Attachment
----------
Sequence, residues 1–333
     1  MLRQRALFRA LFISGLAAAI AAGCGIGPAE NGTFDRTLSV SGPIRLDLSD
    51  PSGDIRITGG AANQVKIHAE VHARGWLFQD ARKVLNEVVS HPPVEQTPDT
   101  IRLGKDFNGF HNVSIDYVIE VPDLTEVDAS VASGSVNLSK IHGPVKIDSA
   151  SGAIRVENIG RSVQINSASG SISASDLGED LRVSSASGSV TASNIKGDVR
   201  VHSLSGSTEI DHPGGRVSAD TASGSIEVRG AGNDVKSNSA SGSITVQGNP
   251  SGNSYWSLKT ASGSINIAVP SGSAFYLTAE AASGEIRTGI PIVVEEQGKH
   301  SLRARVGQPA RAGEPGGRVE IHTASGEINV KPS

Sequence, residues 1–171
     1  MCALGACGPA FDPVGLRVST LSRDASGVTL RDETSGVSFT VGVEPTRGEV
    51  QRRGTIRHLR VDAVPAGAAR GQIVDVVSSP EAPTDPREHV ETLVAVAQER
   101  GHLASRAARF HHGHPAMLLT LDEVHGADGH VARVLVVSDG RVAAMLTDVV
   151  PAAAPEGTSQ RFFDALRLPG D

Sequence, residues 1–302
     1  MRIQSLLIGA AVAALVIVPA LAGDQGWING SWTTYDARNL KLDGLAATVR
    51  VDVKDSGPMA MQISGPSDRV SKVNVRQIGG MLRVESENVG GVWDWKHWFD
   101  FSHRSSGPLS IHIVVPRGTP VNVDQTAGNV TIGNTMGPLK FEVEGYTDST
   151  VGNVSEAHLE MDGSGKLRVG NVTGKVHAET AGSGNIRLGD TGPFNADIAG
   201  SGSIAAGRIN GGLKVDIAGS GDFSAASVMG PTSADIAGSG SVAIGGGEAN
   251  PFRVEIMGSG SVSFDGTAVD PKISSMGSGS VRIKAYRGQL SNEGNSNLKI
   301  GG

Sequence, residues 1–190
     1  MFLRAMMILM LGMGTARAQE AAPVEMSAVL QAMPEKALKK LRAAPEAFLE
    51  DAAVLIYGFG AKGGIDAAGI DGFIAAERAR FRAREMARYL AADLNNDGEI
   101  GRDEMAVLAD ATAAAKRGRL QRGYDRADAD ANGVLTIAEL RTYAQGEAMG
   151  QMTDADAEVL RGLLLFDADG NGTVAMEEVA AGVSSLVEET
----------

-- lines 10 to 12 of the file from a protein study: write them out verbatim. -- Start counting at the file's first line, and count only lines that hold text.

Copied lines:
     1  MCALGACGPA FDPVGLRVST LSRDASGVTL RDETSGVSFT VGVEPTRGEV
    51  QRRGTIRHLR VDAVPAGAAR GQIVDVVSSP EAPTDPREHV ETLVAVAQER
   101  GHLASRAARF HHGHPAMLLT LDEVHGADGH VARVLVVSDG RVAAMLTDVV